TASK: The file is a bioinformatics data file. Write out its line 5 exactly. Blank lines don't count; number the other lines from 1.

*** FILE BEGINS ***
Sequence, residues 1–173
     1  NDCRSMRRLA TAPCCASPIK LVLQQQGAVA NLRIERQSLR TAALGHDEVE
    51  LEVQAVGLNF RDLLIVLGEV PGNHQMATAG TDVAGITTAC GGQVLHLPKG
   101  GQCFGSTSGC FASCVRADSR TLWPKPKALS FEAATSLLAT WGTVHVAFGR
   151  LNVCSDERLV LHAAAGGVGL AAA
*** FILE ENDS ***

   151  LNVCSDERLV LHAAAGGVGL AAA